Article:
The real kicker is, the author of that story was not a survivor of rape. (Shocker. I know.) She wrote that story because being kidnapped in broad daylight by a horribly disfigured rapist is her worst fear. Sadly, she didn’t understand the logical trap she was caught in. She essentially wrote an episode of Law and Order:  SVU because she’s scared of Law and Order:  SVU. Not to discredit these experiences, of course. We all know the statistics about rape. I’m not here to remind you of that. With shows like Criminal Minds, NCIS, CSI, Law & Order, (and all varieties thereof) and even True Detective which focus overwhelmingly on female victims, the portrayal of violent, sexual crime against women is undoubtedly contributing to the culture at large. It’s a vicious cycle.

I answered our instructor’s question, whether some things should be off limits, with a yes. I said that rape, for example, should be off limits unless you are writing from your personal experience or if you are doing it for a specific reason, which, frankly, I don’t think this story was doing. (This was, of course, met with many grumbles.)

A few months later, near the end of the workshop, we were critiquing a story where the character’s race was suddenly revealed through a random racist joke by another character who implied the protagonist was Black. I actually missed it the first few times I read it. That was the only reference to it in the entire piece. It’s also important to note the author of the story was white.

At this point in the semester, I was pretty well keeping my mouth shut until specifically asked to contribute. So when the instructor asked what I thought, I said, “Is he supposed to be Black?” Everyone shrugged and nodded, nonplussed. I essentially said:

“OK, that’s what I thought. I kind of have an issue with that. I think if you’re going to mention race, especially a race other than your own, you can’t just throw it away. It has to be done with purpose. And I really don’t know if you should even be writing from the perspective of a Black character because you don’t know what it’s like to be Black. I don’t know, I just had a problem with it.”

Some people thought it was “anti-racist” because the character was so cool, which is offensive in and of itself.

But this brings me back to the main theme of this entire post, which is that writing about sensitive subjects, and writing in general, has to be done with purpose, with care, with thought, and with meaning. Or else it’s just drivel.

Furthermore, I signed up for stand-up classes in Tulsa. The first class was this past Sunday and we mostly met the instructor and talked. Much of the discussion revolved around what it’s like to do stand-up, to be a comedy writer, our various opinions on comedy theory, etc. At one point, the instructor looked straight at me and said, “Do you think there are any jokes that are out of bounds?” (It’s as if I were wearing a sign on my forehead.)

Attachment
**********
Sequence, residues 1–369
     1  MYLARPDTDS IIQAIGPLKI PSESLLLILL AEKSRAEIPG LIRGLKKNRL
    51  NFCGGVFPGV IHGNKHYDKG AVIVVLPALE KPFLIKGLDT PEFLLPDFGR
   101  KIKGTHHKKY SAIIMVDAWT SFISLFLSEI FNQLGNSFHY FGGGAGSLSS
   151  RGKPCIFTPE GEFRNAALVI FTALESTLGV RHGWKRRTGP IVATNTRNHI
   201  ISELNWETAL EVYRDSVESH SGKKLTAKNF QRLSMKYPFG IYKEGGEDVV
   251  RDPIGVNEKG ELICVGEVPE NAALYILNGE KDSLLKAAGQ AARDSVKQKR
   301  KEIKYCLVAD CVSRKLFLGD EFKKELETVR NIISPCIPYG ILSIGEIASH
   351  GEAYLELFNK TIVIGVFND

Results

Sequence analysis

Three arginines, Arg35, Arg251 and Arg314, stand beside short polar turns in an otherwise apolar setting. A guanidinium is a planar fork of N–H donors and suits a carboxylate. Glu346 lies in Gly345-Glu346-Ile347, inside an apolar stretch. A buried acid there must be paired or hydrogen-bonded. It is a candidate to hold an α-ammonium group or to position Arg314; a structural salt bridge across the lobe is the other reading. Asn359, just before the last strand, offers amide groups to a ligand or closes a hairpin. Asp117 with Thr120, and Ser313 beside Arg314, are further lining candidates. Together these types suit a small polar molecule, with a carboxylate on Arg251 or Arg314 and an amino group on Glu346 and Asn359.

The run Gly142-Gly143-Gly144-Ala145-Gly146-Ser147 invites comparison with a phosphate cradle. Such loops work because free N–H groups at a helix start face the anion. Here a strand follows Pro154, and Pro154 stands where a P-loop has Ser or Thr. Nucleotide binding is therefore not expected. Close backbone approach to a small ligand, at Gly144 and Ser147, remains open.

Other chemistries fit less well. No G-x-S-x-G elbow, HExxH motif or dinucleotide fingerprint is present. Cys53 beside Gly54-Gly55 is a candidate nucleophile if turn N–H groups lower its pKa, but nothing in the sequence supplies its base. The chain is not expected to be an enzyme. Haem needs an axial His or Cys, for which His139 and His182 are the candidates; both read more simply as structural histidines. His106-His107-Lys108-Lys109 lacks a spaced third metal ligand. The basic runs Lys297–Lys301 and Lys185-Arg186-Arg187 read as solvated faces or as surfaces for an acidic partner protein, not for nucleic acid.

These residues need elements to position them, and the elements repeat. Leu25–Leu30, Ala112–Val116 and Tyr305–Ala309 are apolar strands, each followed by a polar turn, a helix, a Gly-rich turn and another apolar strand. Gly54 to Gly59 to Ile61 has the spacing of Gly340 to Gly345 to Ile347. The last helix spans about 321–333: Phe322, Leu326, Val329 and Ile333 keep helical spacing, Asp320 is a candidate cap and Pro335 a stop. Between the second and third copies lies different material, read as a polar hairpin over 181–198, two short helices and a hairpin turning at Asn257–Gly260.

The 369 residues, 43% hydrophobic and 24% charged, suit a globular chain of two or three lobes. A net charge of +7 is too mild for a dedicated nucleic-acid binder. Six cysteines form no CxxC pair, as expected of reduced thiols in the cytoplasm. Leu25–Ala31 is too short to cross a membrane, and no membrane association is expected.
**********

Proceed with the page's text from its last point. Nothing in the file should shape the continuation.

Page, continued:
I replied immediately and said, “Yeah. Rape jokes.”

He then replied with a weird diatribe about what kind of comedy he finds to be offensive or not offensive. As he was ranting about it, I wasn’t entirely sure why he asked me. He was basically saying he wasn’t the type to make racist jokes or dead baby jokes or rape jokes and didn’t necessarily like them, but he would laugh at anything. Which I thought was an arbitrary line, but I didn’t outright have a problem with. I can’t say I haven’t laughed at racist jokes or rape jokes in my lifetime because I’m sure I have. But I certainly wouldn’t defend them. However, moments when we laugh are also moments we have to check ourselves and ask why we did laugh. Was it just the shock value? Or was it the racist/sexist/homophobe in us laughing?

As he was going on this weird diatribe, another student in the class, an older guy in his fifties asked, “Yeah, but just because you laugh doesn’t mean you support [rape], right?”

The instructor replied, “No!”

Here’s where I kind of disagree, though, I didn’t say anything. I think laughing is implicitly a form of consent. Especially when you’re a comic. If a comic bombs, they know the joke didn’t work and they don’t keep using it. But when people laugh at, say, a rape joke, they think it works and will keep it in their set. Even if you yourself aren’t a rapist, you’re overtly supporting the rape culture by laughing.

That’s my rambly thoughts on it, anyway. I suspect as a freshly minted female “stand-up”, this won’t be the last time I discuss rape jokes with a dude.

And, of course, a few minutes later, when the older gentleman insinuated that I was a prostitute because I was waiting on the street with him before the class started, I wasn’t terribly surprised. Which is kind of the whole point, isn’t it? At least our instructor found that “joke” to be offensive.

I owe a lot to a column in LitReactor by Cath Murphy for my thoughts in this post.

Molly